Tuesday, April 04, 2006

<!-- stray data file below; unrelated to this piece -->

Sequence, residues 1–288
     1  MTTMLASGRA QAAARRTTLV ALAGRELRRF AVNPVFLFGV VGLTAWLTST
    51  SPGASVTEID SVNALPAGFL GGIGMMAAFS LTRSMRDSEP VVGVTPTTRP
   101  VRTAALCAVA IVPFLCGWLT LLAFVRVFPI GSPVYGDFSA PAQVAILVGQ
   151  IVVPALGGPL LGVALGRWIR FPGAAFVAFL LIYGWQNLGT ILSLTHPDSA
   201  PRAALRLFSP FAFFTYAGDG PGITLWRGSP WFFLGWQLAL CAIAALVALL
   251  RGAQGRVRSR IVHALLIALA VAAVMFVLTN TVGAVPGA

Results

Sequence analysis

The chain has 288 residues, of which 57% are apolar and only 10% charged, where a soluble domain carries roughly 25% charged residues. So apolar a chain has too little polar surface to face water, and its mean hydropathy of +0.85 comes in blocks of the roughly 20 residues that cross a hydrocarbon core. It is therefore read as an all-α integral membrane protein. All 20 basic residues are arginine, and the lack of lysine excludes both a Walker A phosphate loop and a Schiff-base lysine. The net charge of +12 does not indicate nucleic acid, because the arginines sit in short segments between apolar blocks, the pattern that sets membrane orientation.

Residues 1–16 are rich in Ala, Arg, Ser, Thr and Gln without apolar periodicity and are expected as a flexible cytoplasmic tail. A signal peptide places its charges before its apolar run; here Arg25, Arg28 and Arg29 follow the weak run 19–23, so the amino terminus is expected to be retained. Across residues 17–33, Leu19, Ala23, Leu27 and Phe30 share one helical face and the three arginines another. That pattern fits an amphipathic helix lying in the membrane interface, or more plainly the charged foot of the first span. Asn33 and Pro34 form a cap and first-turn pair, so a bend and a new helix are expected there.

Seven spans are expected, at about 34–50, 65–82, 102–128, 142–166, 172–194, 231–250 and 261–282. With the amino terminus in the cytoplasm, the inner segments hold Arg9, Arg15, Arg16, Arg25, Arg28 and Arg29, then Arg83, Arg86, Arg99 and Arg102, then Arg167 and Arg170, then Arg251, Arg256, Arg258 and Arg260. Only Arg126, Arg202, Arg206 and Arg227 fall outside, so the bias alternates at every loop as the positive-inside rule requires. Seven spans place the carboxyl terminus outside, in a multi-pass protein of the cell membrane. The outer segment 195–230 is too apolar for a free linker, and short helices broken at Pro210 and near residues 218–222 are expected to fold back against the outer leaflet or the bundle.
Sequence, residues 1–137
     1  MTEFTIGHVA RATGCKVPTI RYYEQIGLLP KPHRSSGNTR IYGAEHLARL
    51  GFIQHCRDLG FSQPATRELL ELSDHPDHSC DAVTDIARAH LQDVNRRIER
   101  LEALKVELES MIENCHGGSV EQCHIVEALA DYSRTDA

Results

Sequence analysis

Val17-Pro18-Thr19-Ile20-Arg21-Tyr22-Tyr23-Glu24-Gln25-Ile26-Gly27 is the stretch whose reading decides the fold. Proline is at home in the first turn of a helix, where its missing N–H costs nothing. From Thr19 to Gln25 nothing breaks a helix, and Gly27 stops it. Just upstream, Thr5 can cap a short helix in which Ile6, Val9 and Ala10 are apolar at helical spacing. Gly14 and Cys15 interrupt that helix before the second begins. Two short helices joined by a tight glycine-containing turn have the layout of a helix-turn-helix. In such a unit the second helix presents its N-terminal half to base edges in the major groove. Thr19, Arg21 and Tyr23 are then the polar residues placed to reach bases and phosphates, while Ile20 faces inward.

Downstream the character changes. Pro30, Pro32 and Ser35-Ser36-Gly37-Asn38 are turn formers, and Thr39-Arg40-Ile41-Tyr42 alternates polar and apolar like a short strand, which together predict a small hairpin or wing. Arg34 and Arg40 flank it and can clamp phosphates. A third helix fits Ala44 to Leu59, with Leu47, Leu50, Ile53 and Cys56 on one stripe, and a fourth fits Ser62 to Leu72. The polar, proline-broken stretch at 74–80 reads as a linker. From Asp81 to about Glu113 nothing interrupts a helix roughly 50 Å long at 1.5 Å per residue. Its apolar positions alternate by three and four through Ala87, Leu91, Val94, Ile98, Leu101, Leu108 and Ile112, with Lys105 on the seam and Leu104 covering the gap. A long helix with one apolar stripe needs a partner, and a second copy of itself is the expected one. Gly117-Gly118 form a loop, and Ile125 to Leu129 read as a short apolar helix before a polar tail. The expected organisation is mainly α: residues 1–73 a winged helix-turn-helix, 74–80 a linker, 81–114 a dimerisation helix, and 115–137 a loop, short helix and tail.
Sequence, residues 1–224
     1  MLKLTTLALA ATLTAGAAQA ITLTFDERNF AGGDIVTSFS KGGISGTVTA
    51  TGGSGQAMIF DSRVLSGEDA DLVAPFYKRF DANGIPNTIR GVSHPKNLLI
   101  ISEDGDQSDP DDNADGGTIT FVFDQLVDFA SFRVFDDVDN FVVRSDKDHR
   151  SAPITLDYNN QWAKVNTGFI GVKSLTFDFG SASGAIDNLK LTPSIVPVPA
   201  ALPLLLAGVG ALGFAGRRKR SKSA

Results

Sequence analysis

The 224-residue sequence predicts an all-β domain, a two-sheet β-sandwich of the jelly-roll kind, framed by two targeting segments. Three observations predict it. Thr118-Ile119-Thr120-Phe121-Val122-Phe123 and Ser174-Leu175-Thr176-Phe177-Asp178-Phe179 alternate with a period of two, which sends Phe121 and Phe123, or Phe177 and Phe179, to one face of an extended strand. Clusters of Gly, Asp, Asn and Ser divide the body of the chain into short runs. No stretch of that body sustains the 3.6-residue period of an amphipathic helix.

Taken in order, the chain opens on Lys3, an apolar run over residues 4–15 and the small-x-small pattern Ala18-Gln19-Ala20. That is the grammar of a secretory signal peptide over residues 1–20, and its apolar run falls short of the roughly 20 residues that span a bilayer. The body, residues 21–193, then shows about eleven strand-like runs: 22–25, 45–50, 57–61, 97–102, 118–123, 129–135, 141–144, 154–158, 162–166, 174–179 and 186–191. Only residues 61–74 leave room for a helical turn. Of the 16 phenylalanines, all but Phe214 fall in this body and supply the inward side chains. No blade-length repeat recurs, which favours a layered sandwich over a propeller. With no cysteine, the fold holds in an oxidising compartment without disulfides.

Here's the way it happens. There's clicking, audible and palpable. One shoe of expectation has dropped and the resulting thud is reassuring--it massages you like your trainer as you prepare for your moment in the ring, readying you for your graduation, at long last, from this infernal division. The thud is a herald: "this is it!" it trumpets, kneading your shoulders and prepping you for greatness. But you've been here before. You've been this close to the title, and have never worn the belt of achievement. You've seen it up close, touched it with your greedy, deprived little fingers, but it was never yours. So now you wait for the other shoe to drop, the way it always has in the past. And when that thud comes, it's anything but reassuring. You try to see it as a new beginning, as freedom from the slavery of just not knowing. That it's an end should serve as some relief. But you can't help feeling that it's a small death of sorts, the end of something, the curtailing of possibility, the decapitation of hope. You hear it spoken, as you have many times before. It never sounds good. But now, repeated ad nauseum by voices of various timbres over decades, it sounds somehow sinister, as if hissed with a forked tongue, even though the word itself should be a badge of honor. Is there anything more important? Use of the word in proper context is a compliment like no other. When meant, truly heartfelt, it conveys the deepest respect. It's an acknowledgment of greatness, of affection and honor. It designates you as special. It separates you from the herd, brands you with a special marker, binds you to the speaker through public accolades of your importance. And yet, every time you hear it, your disappointment overwhelms you, obliterating the positives. As the syllable rings in your ears, the only thing it sounds like is failure.